Danielle van Dam's neighbor pleaded not guilty to charges of murder, kidnapping and possession of child pornography Tuesday.

David Westerfield, 50, the lone suspect in the death of the 7-year-old girl, stood behind bulletproof glass and denied the allegations against him in state Superior Court. He remained in jail without bond.

Prosecutors charged Westerfield with a single count of murder with a so-called special circumstance — murder during kidnapping — that carries the possibility of the death penalty or life in prison if Westerfield is convicted. No decision has been made on whether to seek the death penalty, said San Diego County District Attorney Paul Pfingst.

Westerfield's attorney, Steven Feldman, has promised to mount a "vigorous defense." Judge Peter C. Deddeh denied Feldman's request Tuesday to impose a gag order in the case.

Danielle was last seen Feb. 1 when her father put her to bed. Police believe she was kidnapped from her second-floor bedroom in the family's north San Diego home. An ongoing search that has stretched from Mexico to the desert east of San Diego has failed to turn up any trace of her.

The girl's mother, Brenda van Dam, burst into tears as deputies brought her neighbor into the crowded courtroom. She held hands with her husband, Damon, throughout the arraignment.

Afterward, Brenda van Dam spoke tearfully to reporters outside her home.

"We've been asked again and again 'How are you feeling?"' she said. "All we can answer is that we miss Danielle desperately and the pain of her absence is absolutely unbearable."

She then urged the public to help with a massive volunteer search for Danielle scheduled for this weekend.

Westerfield, a self-employed engineer who lives two doors down from the van Dam home, was arrested Friday and jailed without bail. Pfingst said there are no other suspects.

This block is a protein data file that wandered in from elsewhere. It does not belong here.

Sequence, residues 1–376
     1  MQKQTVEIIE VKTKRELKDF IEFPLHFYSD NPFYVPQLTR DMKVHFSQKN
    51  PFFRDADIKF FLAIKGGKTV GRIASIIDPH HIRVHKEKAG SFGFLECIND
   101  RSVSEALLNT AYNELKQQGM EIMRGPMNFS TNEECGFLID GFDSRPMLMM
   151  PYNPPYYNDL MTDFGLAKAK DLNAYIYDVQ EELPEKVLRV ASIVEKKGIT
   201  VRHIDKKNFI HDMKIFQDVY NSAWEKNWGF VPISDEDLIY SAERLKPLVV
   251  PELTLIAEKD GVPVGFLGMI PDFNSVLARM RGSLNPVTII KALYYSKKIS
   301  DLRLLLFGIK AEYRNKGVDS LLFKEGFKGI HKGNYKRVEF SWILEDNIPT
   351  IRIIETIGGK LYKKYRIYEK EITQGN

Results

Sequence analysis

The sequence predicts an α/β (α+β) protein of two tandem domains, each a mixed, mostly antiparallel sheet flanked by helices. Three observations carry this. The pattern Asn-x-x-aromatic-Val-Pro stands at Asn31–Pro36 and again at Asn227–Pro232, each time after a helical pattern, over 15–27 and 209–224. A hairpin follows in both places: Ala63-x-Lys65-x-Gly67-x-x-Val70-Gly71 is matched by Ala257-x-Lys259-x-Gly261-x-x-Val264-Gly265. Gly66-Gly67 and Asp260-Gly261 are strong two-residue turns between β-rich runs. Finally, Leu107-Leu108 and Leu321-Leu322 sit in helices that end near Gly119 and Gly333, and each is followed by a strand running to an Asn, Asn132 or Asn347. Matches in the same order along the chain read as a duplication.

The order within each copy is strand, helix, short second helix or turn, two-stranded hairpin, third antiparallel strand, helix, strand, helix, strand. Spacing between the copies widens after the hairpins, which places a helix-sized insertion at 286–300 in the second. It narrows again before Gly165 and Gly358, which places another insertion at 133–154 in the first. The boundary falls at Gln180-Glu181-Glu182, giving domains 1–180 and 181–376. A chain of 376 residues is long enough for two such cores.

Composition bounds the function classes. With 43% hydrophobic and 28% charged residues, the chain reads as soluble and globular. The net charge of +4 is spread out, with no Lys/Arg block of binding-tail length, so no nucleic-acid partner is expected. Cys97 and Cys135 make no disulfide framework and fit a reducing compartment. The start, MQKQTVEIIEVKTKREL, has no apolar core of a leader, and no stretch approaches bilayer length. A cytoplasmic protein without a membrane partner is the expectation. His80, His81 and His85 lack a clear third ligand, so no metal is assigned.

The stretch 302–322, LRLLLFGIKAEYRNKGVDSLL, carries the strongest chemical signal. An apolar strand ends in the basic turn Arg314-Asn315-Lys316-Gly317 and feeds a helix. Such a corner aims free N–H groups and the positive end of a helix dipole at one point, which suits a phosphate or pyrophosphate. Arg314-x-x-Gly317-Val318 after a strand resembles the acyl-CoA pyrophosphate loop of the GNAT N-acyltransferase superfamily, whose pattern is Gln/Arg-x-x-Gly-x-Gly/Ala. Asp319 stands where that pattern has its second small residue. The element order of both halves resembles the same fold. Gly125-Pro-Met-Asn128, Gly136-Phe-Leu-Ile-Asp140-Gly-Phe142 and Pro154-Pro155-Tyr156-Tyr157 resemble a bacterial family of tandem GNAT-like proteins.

The three-page complaint filed Tuesday against Westerfield did not provide specific dates for the alleged kidnapping and murder.

Danielle's disappearance received nationwide attention as her parents clung to the hope she might be alive and coordinated massive searches for her.

The absence of a body creates a legal challenge, but the San Diego County district attorney has successfully prosecuted four such cases, the most recent in August.

Authorities have said they found traces of Danielle's blood in Westerfield's motor home and on an article of his clothing.

Westerfield, a twice-divorced father of two grown children has a 1996 drunken driving conviction but no violent criminal history.

Investigators began focusing on him shortly after the girl's disappearance. He was at the same bar where Brenda van Dam partied with friends the night Danielle disappeared while her husband stayed home with their daughter and two sons.

By the next morning, Westerfield had set off for the beach and desert in his motor home and was the only one of the van Dams' immediate neighbors who was gone when the search began.

The charge of kidnapping a child under 14 carries 5-11 years in prison. The child pornography charge is a misdemeanor with a maximum penalty of a year in jail.

A hearing is scheduled for Wednesday to consider a request by news organizations to unseal search warrants in the case.

The Associated Press contributed to this report.